This section covers the basics of mechanical drawing, showing how to:

  • Draw basic 2D shapes, the foundation for 3D shapes.
  • Set sizes numerically
  • Navigate your drawing
  • Keep shapes closed
  • Draw text
  • Select lines
  • Leverage snap points
  • Divide lines where they cross
  • Group and ungroup lines
  • Resize and rotate lines
  • Copy lines
  • Remove lines
  • Round corners
  • Measure distances

https://www.youtube.com/watch?v=ezmsCN7GrKw

Learning to Draw 

Mechanical drawing is not the same as artistic drawing – you can’t simply draw shapes by moving the mouse pointer as you would move a pencil. 
For example, to draw a rounded rectangle you can’t simply move the mouse in a rounded rectangle motion. 

To draw a rounded rectangle:

  1. Draw a rectangle with the mouse.
  2. Enter the desired size numerically.
  3. Use the corner-rounding command.
 

Making precise drawings is easy when you learn how to:

  • Use the mouse to create the approximate size and position of lines
  • Enter numeric values to specify sizes
  • Use assorted commands to combine and manipulate lines
  • Use the Intersect feature
  • Snap lines
  • Nudge lines

Common to other drawing programs you also need to know how to:

  • Select lines
  • Draw lines, circles, arcs, and rectangles
  • Group and ungroup lines
  • Resize and move lines
  • Rotate lines
  • Delete lines
  • Scroll the workspace
  • Zoom in and out

Drawing Lines

To design parts with eMachineShop you draw straight lines, 
rectangles, circles, arcs, splines, and text. 
https://youtu.be/Ism8vl_MZDo

straight.gif (136 bytes) To draw a straight line: 

  1. Click the above icon
  2. Click in the workspace at the starting point, click again at the end point.
  3. To restrict the angle of the line to be exactly horizontal or vertical or a multiple of the Rotation Snap Angle , hold down the CTRL key while drawing.

 To draw a rectangle: 

  1. Click the above icon.
  2. Click in the workspace at one corner.
  3. Click again at the opposite corner. 

 To draw a circle:

  1. Click the above icon.
  2. Click in the workspace at the center.
  3. Click again at the desired radius.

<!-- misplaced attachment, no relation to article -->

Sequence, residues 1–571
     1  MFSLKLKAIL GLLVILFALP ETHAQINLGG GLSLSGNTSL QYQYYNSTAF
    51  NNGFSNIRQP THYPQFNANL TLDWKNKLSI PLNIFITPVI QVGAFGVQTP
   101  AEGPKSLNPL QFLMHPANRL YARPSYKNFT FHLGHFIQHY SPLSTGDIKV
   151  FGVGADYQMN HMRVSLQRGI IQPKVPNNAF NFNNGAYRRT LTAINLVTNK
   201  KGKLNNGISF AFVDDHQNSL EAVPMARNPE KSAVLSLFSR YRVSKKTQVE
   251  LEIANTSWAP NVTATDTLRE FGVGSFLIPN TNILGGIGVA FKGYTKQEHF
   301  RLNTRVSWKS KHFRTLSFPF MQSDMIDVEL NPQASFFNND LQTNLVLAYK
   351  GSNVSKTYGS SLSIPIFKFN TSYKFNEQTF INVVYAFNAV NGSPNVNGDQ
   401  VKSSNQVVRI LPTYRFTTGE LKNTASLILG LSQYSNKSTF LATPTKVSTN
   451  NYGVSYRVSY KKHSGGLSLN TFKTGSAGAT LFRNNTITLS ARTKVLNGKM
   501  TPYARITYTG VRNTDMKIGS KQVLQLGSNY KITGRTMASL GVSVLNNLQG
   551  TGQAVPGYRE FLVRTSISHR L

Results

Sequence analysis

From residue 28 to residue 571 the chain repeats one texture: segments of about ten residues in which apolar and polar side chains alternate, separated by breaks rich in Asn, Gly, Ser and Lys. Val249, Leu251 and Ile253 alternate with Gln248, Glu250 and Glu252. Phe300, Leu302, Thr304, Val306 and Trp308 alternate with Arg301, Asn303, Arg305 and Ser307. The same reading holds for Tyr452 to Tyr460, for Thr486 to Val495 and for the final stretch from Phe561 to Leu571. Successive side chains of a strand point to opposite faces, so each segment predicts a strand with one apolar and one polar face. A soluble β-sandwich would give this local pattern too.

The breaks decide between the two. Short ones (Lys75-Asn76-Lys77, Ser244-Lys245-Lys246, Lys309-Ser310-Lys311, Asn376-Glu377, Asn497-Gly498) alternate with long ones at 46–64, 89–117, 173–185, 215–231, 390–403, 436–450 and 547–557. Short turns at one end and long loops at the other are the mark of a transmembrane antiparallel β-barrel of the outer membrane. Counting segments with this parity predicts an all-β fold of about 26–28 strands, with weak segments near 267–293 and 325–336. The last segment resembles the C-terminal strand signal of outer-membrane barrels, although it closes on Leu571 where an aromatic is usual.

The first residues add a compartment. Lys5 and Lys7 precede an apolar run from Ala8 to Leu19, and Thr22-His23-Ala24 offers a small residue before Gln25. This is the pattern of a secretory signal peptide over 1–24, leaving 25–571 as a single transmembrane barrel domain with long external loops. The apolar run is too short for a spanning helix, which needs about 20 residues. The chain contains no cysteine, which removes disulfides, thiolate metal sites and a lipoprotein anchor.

To draw an arc:

  1. Enable the arc button with Edit | Preferences | Customize | Arc Button.
  2. Click the Arc button (icon above.)
  3. Click in the workspace at the center.
  4. Click again at the counter-clockwise end of the arc.

 To draw a spline:

  1. Click the above icon
  2. Click in the workspace to specify starting point. 
  3. Move to the desired end point and click.
  4. Drag the two external handles to adjust the shape.

straight.gif (136 bytes) To draw a straight line: 

  1. Click the above icon
  2. Click in the workspace at the starting point, click again at the end point.
  3. To restrict the angle of the line to be exactly horizontal or vertical or a multiple of the Rotation Snap Angle , hold down the CTRL key while drawing.
 

To switch to the last used drawing tool, from the left toolbar press the SPACEBAR.

Instead of drawing an arc, it is often easier to draw a circle crossing other lines and then apply the Intersect command. The Arc button is not enabled by default as it is generally more convenient to use Line | Corner | Round or to create a circle and use the Intersect feature.

To edit individual point locations of a line, arc or spline, click  node.gif (141 bytes) and then drag the desired points.

 

Using Numeric Values 

Drawing mechanical parts is different from artistic sketching – drawings must be precise. To achieve this precision use the mouse to get the approximate size or shape and then enter values numerically on the numeric bar. For example, to draw a .500″ circle draw a small circle with the mouse and then enter .500 in the diameter edit box.

 To change the position or size of lines numerically:
  1. Draw or Select the line.